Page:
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Georgia - Albany: Charles M. Sherrod Interviewee [Part 1]
Dent, Thomas C.
Tom Dent interviews Charles M. Sherrod in Albany, Georgia. He lists his nicknames for the counties of Georgia. Dent asks Sherrod why he remained in Georgia after coming down to do work with the Student Nonviolent Coordinating Committee [SNCC] in 1961. He is a native of Virginia. He cites the beautiful country and people, and says racism is everywhere in the country. His wife is from Baker County, and he felt the area was progressing. The churches in the area remind him of Virginia, but also have music he had never heard before. He grew up Baptist, but is now Presbyterian; he joined when he was asked to preach at their church, which he did for two years. He has been critical of the church in the past, but has always counted on church people. He has decided to join a church, but has yet to do so. Sherrod considers Albany to be just as racist as it ever has been, but racists are more conscious of how they are perceived. It is still very segregated. They discuss the development to the area. Sherrod says there is fear there, and that people are fighting back against people selling drugs in the community. The media in Albany is still biased and is still run by James Gray's descendants. There is a Black-run weekly paper called The Albany Southwest Georgian published by A.C. Searles, with whom Sherrod suggests Dent speak. Dent runs through a list of names of people he is considering interviewing, and Sherrod suggests a few more. Dent asks how Sherrod measures progress from the Black community since the 1960s. He talks about material items, home ownership, better salaries, and Black heads of departments in Albany. "Nothing has been accomplished in Albany without a considerable effort toward change on the part of the poor and the powerless. No change has taken place on the basis of good will from people who hold the power." Sherrod also measures change through use their power through voting and spending. He talks about the growth of Black businesses in Albany in recent years. They discuss a hearing that Dent observed today, comparing it to scenes from the 1960s. Dent comments that the problem could have been worked out before the meeting, but it was not. National and international businesses based in Albany have raised wages in the area and contributed to high retail sales. Despite the progress, Sherrod still considers Albany the most racist city in the southwest. The Black vote still has strength. He says old money controls Albany. He discusses the power structure, and the prospect for jobs in the area.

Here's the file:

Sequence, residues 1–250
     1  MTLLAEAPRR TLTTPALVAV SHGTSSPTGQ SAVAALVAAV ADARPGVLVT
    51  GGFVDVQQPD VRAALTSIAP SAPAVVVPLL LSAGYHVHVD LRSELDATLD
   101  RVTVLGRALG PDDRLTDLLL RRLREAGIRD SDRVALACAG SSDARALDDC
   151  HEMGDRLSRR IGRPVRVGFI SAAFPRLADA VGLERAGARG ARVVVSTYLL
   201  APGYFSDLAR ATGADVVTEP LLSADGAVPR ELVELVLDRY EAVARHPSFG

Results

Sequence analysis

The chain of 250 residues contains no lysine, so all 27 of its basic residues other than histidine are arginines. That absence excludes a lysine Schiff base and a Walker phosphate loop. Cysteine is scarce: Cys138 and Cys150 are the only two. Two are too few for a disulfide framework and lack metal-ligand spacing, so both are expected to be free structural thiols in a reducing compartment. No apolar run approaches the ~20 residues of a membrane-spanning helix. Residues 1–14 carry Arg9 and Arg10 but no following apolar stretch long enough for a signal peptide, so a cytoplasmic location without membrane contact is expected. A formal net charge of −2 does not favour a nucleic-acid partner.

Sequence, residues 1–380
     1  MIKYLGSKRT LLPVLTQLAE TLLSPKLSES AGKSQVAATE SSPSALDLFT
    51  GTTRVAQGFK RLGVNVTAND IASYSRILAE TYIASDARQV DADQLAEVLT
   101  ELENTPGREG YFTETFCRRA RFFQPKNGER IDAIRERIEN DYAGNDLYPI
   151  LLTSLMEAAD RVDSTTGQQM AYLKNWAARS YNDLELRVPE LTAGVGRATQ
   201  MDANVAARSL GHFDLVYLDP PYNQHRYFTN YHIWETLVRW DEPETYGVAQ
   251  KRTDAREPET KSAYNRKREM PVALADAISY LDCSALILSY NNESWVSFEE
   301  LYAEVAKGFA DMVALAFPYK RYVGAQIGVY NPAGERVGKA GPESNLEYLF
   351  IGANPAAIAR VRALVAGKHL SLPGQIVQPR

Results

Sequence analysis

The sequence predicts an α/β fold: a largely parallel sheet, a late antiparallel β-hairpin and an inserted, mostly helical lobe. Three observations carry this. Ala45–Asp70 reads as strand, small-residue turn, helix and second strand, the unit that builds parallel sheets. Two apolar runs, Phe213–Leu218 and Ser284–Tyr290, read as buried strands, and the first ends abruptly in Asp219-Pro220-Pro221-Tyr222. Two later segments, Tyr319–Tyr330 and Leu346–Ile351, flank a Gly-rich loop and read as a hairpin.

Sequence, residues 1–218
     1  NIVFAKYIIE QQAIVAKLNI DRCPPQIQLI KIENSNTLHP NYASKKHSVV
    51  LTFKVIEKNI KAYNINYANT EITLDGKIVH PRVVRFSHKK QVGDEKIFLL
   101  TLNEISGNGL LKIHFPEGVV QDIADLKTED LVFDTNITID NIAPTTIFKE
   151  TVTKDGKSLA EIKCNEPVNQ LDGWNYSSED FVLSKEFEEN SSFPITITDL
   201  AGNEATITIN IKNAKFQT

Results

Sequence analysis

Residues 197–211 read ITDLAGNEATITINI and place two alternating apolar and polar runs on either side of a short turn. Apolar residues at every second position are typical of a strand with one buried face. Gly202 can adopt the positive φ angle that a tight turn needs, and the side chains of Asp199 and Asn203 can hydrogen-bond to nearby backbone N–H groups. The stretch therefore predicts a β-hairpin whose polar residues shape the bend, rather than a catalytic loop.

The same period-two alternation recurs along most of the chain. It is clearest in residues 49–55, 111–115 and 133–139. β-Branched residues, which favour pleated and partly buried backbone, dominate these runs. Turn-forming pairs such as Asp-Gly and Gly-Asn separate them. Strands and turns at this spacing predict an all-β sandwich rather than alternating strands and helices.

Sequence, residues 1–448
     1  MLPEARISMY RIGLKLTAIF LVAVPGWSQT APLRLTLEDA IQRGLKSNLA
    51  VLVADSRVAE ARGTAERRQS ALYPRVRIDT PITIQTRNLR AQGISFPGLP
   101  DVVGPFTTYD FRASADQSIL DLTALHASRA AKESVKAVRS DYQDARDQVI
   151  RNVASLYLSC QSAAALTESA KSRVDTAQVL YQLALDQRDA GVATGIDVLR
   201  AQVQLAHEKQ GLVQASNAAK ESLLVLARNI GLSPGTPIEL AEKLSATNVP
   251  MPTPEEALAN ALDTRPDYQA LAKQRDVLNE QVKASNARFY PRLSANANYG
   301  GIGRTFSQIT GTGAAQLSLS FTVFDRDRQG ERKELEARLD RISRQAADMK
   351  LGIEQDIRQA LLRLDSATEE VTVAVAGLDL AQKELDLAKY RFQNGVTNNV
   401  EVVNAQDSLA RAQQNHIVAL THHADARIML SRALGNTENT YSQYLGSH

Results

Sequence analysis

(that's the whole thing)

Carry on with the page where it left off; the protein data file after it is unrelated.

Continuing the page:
Civil rights demonstration
Tulane University Digital Library
Box 150, Item 12, Side 1, Tom Dent collection, Amistad Research Center at Tulane University, New Orleans, Louisiana
Physical rights are retained by the Amistad Research Center. Copyright is retained in accordance with U.S. copyright laws.